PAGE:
New York Classical Review, Jan 21, 2018
By Eric C. Simpson
Liederabend: New York, Carnegie Hall, 20. Januar 2018
In a highly anticipated return, Kaufmann hits his stride late in Schubert cycle
Saturday night saw the long-awaited return of Jonas Kaufmann to New York. The superstar tenor has been among the most bankable box-office names of the last decade, but his decision to spend more time with family in Europe led to a string of awkward cancellations, and, eventually, an absence of several years from American stages.

He returned to Carnegie Hall Saturday night in one of the most anticipated performances of the season: giving Schubert’s first great song cycle, Die Schöne Müllerin, with Helmut Deutsch, one of the most celebrated lieder pianists of the last half-century. It was a memorable recital in the end, but proved to be a tale of two halves.

Quite simply, it took the first ten of the twenty-song cycle for Kaufmann to warm up. It’s in this first half that Wilhelm Müller’s poems establish the relationship between the miller, our narrator, and the miller’s daughter whose love ultimately leads him to despair. They are vital to the audience’s immersion in the work, yet Kaufmann’s accuracy in these early songs–especially the first, “Das Wandern”–was suspect, and nothing seemed to come easily to him. It felt as though he was trying to force his voice into a lighter shade that doesn’t come naturally, and it wouldn’t cooperate. He was able to work well with contrast in songs like “Der Neugierige,” pitting a plaintive half-whisper against insistent passion; but many attempts to float high soft notes caught in his throat.

Yet this was still a performance worthy of its billing. Even when he struggled vocally, Kaufmann’s dramatic engagement with the text was admirable. “Morgengruß,” a tender song of courtship, showed wonderful hints of humor as he tried to win the heart of the woman he admires. “Mein!” developed from a fluttering of excitement into a manic explosion of joy.

But even more crucial to the success of this reading was the change in his voice as it progressed; over the second half of the cycle, Kaufmann delivered an extraordinary musical performance, the sort that anyone familiar with his career surely came expecting. At last, the full, dark-hued voice that is so unique among tenors was sounding at its best, and began to serve the music. “Mit dem grünen Lautenbande” found his obsession growing more detached from reality, manifesting as full-throated, passionate devotion, turning immediately into the frantic envy of “Der Jäger,” an outburst of frustration at the miller-maid’s fascination with the hunter.

Taken as a set, the final three songs of the cycle are as crushing as anything in Schubert’s oeuvre, alternately fatalist and consoling. Kaufmann drove the cycle home with amazing emotional weight, sounded totally broken in “Trockne Blumen”: the “Ach” that begins the second verse was almost spoken, conveying a world of grief in a single syllable. “Der Müller und der Bach” gave us a tearful, sighing summation of the miller’s journey, followed by the spellbinding lullaby of “Des Baches Wiegenlied.” This was Deutsch’s finest work, too–all evening he played with glowing sound and musical sensitivity, creating excitement, tension, and tenderness. But the gentle rocking of the final lullaby was exquisite.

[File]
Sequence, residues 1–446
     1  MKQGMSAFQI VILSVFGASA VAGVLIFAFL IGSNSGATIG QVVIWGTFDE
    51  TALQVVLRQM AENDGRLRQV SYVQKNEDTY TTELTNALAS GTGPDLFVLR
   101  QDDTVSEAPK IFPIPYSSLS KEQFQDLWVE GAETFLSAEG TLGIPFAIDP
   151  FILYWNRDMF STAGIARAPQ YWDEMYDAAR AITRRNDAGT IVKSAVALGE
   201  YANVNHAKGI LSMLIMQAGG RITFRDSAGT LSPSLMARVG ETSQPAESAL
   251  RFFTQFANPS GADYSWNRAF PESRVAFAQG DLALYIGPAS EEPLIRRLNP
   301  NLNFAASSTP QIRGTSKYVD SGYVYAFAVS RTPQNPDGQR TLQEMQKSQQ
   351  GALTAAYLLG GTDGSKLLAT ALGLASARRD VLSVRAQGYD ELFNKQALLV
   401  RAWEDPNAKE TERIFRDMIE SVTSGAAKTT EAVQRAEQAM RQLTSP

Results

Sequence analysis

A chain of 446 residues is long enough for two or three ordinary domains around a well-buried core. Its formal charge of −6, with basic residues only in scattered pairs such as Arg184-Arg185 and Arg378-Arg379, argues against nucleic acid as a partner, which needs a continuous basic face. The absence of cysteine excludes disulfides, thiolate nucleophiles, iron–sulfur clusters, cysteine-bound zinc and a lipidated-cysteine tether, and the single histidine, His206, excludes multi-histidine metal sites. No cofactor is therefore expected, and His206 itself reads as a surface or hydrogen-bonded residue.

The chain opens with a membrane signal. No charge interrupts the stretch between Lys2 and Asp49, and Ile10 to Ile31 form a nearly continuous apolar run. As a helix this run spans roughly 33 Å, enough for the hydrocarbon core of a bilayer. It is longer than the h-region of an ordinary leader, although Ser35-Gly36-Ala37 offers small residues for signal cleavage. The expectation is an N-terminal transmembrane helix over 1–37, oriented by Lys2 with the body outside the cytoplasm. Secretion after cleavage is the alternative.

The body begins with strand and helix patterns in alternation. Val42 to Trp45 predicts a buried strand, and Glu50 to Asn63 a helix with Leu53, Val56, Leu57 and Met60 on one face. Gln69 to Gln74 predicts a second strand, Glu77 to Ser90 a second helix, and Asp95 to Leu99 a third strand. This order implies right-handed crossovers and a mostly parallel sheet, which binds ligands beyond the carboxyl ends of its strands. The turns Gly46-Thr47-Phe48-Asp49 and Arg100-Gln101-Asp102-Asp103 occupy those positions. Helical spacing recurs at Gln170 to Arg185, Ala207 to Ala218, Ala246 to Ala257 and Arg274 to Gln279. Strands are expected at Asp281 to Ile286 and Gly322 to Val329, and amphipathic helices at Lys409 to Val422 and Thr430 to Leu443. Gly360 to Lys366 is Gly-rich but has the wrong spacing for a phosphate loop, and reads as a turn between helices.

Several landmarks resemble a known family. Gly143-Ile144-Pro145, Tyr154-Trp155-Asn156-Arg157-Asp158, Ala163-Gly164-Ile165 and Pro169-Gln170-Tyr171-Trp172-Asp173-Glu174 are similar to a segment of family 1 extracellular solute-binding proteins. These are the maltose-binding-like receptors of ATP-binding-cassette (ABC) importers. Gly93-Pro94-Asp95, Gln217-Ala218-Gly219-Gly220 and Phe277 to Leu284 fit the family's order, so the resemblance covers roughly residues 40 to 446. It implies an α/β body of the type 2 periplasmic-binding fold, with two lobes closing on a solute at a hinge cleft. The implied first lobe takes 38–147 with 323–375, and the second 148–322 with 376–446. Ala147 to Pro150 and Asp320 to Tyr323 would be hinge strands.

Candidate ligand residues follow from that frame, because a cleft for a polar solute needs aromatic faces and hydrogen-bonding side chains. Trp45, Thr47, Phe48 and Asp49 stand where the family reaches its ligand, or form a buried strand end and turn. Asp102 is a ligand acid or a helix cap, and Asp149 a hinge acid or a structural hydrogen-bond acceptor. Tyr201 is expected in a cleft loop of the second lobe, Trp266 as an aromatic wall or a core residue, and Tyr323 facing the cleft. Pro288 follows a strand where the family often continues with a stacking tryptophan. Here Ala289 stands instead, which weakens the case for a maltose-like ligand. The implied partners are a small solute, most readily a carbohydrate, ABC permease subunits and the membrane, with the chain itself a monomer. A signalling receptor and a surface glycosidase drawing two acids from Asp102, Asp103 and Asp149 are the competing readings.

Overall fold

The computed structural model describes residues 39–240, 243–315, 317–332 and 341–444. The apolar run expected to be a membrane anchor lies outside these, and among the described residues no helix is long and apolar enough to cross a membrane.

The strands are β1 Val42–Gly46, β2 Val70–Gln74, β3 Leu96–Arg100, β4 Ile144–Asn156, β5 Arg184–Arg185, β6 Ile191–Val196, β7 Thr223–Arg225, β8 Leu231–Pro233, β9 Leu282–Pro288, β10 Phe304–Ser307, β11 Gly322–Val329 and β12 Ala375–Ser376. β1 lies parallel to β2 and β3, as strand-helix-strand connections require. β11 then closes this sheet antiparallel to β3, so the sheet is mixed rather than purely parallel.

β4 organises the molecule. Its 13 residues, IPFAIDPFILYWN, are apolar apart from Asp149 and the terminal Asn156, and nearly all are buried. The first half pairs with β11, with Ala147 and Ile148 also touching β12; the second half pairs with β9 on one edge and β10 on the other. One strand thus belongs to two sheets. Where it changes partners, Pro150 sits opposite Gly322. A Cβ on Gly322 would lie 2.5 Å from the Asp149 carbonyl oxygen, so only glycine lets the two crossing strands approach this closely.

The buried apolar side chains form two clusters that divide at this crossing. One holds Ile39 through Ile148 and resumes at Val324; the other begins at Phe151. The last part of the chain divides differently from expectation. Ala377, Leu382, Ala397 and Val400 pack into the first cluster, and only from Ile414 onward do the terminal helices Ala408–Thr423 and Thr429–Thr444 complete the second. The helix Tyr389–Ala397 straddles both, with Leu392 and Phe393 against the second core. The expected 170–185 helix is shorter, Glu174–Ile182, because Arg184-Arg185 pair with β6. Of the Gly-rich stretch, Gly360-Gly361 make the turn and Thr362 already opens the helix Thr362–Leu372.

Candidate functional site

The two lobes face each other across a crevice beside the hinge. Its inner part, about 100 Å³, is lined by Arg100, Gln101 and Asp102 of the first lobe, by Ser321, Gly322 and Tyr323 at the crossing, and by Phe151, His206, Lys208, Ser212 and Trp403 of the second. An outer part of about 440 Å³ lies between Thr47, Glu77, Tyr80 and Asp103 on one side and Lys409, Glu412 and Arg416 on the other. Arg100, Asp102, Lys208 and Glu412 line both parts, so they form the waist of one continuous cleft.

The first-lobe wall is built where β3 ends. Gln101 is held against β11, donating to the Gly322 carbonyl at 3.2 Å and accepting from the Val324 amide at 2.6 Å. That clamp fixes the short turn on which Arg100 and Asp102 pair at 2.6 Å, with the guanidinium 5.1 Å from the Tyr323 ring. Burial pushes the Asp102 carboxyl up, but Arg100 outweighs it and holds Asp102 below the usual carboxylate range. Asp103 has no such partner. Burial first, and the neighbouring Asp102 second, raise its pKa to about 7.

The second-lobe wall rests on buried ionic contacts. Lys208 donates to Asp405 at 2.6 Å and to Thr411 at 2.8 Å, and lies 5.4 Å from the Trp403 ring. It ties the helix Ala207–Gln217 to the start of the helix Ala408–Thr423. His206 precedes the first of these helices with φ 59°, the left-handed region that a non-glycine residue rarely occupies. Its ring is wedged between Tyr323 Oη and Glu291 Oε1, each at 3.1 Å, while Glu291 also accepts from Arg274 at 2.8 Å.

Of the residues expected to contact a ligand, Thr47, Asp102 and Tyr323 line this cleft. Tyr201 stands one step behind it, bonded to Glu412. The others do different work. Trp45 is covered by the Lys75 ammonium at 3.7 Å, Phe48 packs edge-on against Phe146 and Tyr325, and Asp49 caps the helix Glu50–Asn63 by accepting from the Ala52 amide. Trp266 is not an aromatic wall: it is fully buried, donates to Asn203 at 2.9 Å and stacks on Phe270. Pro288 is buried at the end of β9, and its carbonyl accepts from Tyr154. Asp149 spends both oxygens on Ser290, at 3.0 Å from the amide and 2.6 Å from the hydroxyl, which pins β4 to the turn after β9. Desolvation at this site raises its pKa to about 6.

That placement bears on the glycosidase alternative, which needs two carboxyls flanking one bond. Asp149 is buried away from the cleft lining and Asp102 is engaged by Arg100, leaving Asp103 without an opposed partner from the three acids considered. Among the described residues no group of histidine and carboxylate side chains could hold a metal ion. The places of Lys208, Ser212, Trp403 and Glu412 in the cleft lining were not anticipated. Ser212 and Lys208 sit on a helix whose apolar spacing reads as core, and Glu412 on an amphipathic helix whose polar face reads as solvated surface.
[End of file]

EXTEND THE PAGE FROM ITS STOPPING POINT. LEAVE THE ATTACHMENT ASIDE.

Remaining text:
It’s in the nature of a cycle like this that many of its songs can stand out in any given performance as its emotional core. In Kaufmann’s rendition on Saturday, that role fell to “Die liebe Farbe,” wherein the narrator’s obsession with the miller-maid turns into a fatal obsession with the color green. In Kaufmann’s rendition, it was here that we first truly heard signs of the deep grief that was to come. His voice in this song was at its best: robust, lyrical, colorful, unleashed at its full weight in the second verse, almost like a Wagnerian hero, only to be completely overcome by emotion.

Having waited several years to hear him again, the Kaufmann faithful wouldn’t be satisfied until they’d had an encore. There were four, in fact, all by Schubert.

“Der Jüngling an der Quelle” was like a second lullaby, tenderly sung, featuring soft weaving in the piano. “Musensohn” was a lively contrast, and the immortally cheerful “Die Forelle” was sung with sparkle, featuring perfect, gurgling little scales in the piano. Finally came “Der Lindenbaum,” in a stoic vocal rendition.

At the risk of being a killjoy, as enjoyable as these encores were, they were out of place. A performance of Die Schöne Müllerin, like its sister cycle Winterreise, is not an ordinary song recital. It is a journey complete unto itself, and the emotions that linger with the audience as they leave the hall are a major part of its force. To follow it with a string of encores dispels that magic, and only dulls the impact that the artist has spent more than an hour working to create.

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